Coffee

With a Kick


Published:

     Mayra Orellana-Powell, 37, grew up cultivating coffee in her small mountain village of Santa Elena in Honduras. She first came to the United States as a student and studied small business, returned to Honduras, where she met and married her husband, Lowell Powell, and then they both came back to the United States. When a tragedy left her niece and nephews orphaned, Orellana-Powell took them in. When she returned to the United States after the many trips back and forth to Honduras, she always had her family’s coffee in her suitcase. Somewhere along the many miles, an idea was born: Why not import this hand-picked, small-farm coffee to the Bay Area? Why not bring the taste of Honduras — single origin, shade-grown, hand-picked — to the American breakfast table and coffee house?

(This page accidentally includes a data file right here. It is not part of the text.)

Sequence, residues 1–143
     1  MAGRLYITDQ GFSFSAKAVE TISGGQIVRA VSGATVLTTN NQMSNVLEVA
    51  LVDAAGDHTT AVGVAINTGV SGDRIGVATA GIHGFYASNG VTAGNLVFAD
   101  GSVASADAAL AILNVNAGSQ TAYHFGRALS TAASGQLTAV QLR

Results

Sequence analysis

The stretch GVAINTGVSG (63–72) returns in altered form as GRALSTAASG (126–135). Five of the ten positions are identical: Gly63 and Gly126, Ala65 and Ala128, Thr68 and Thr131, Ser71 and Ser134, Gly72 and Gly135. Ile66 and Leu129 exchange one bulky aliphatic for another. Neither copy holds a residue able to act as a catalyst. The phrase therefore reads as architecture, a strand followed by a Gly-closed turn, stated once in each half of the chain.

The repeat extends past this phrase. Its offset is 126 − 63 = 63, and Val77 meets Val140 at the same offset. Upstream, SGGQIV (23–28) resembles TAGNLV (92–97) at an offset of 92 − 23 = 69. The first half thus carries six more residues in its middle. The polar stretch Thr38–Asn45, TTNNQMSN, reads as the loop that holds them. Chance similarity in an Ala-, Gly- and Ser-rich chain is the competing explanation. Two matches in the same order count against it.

“I know every single farmer,” says Orellana-Powell, who lives in Alameda. Although the business is still on a small scale, it means a lot to the coffee farmers of Santa Elena. These neighbors formerly took their beans to a large processing plant, to be mixed communally and sold in mega-batches to corporations; now they have pride of place and their own names stamped on a burlap sack. Each family’s bean crop has a slightly different flavor profile, a terroir of sorts, that gives Santa Elena coffee its well-deserved distinction, says Orellana-Powell. She dubbed her venture Catracha Coffee Company — catracha is slang for a Honduran woman — and does the roasting in Oakland.
     Want to taste this rich, robust brew? Orellana-Powell makes it available by the bag or the cup throughout the East Bay in diverse locales as well as Whole Foods.


To learn more about Catracha Coffee, visit www.catrachacoffee.com.

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